When he managed to track down the then-owner of the property she confirmed that Lennon - as well as several movie directors – had once stayed there.
It turned out that the owner wasn’t impressed with Lennon and his entourage, regarding them as unkempt hippies, even though Lennon’s hair had been cut for his film role.
Iglesias began to research exactly what the star had got up to while there.
His investigations revealed a number of fascinating anecdotes that offer insights into the character of both Lennon and the people of Almeria at the time.
Lennon had his black Rolls Royce shipped out to Almeria complete with hifi and fridge, prompting old women to cross themselves thinking it was a hearse as he roared down the dusty streets to the film set.
But within days it had broken down (or was it sabotaged?) leaving him reliant on taxis to get to and from the film set.
Lennon quickly established a routine of using the same taxi driver and on the final day of filming he offered to pose for a photo with the man.
“But the taxi driver had other ideas,” said Iglesias.
“He looked Lennon square in the face, pointed at an actor dressed as a clown and said he’d rather have one taken with him.” The photo remained one of the taxi driver’s most treasured possessions right up until his death.
Perhaps because of this lack of attention, Lennon looks happy and relaxed in the numerous personal snapshots of the star Adolfo has managed to collect. One of them even contains Lennon’s address in London which he wrote down for a member of the Spanish film crew, telling the man to look him up if he was ever in England.
Adolfo is also convinced the visit marked a crucial turning point in the music legend’s life. Lennon’s stay forms a neat hiatus between the two eras of the Beatles: the 1962-66 period, which saw them tour constantly; and that of 1967 -70, when they decided to concentrate solely on studio work.
As the longest period he ever spent away from the Beatles, it seems Almeria gave Lennon time to ponder his future: in interviews later on Lennon admitted that it was there he first considered leaving the band.
His stay in Almeria also marked a change in his physical appearance, adopting the famous wire rimmed Gandhi-style glasses he was to wear for the rest of his life.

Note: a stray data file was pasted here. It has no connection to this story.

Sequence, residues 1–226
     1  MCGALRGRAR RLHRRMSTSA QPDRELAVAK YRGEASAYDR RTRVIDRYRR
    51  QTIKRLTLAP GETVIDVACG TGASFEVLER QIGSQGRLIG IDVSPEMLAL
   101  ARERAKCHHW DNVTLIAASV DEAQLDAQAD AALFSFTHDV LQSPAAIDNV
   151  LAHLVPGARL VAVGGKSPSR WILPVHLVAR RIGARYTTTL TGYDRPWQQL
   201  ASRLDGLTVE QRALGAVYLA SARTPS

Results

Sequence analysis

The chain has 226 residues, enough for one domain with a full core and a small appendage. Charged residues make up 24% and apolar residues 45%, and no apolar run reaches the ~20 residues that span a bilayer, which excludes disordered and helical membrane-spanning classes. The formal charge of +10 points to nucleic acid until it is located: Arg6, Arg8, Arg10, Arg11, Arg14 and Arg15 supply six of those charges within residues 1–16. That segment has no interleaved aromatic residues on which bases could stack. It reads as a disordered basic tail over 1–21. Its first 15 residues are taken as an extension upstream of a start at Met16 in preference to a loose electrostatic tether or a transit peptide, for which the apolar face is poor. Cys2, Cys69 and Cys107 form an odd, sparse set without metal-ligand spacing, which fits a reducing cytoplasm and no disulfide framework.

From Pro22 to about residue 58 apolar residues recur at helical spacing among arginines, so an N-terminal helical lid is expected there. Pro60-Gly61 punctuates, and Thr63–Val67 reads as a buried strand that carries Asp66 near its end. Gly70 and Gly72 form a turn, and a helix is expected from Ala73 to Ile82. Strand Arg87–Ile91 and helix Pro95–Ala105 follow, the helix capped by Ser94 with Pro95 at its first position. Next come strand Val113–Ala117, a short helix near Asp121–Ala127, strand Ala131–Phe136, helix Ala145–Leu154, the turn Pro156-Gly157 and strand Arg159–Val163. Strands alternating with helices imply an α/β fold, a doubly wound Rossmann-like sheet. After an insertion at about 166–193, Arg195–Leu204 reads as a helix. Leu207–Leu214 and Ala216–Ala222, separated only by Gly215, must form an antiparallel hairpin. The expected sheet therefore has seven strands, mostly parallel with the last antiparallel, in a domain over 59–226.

“Lennon normally wore contact lenses but in the film they wanted him to use glasses,” said Iglesias. “However, because he wasn’t used to wearing them, he kept leaving them lying around between takes and losing them. In the end he just decided to keep them on permanently.”
It seems a group of local children also unwittingly contributed to Lennon’s decision by repeatedly stealing his glasses from his Rolls Royce.
“They probably thought they were having a bit of fun at a foreigner’s expense,” Iglesias chuckles. “In fact, they were helping to create one of the most iconic images of 20th century music.”
The semi-derelict Santa Isabel property – which was also rented by actor, Peter O’Toole, and Bridge on the River Kwai producer, Sam Spiegel - is currently being renovated and transformed by Almeria council into a museum of cinema.
It will fittingly include an exhibit dedicated to Lennon’s stay there, with memorabilia of the musician and a section dedicated to the song Strawberry Fields Forever.But while the public waits for the museum to open, one of the main questions about Lennon’s stay in Almeria has never been answered. That of why he named his most famous single Strawberry Fields Forever and what had prompted him to write the song that could be said to mark the changeover for the Beatles from pop band to serious musicians?
Iglesias has an intriguing theory. He notes that the original wrought iron gates of Santa Isabel (now in council storage) bear an uncanny resemblance to the gates of the orphanage of Strawberry Field in Liverpool (Lennon added the “S”) where the musician used to play as a boy.
At the same time the huge expanse of lush vegetation could resemble the orphanage’s vast grounds, which the young Lennon loved to explore.
“Hopefully one day we will know for sure,” he explains.